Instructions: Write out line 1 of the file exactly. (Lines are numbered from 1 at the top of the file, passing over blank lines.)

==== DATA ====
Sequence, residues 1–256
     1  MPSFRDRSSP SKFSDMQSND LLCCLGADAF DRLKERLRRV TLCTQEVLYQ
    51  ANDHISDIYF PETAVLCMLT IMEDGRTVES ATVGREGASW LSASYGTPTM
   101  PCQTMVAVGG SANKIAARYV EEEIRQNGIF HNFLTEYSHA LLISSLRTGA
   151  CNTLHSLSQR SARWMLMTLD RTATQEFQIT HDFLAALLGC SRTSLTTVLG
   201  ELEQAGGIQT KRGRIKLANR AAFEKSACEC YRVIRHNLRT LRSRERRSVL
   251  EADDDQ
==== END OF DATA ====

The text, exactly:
Sequence, residues 1–256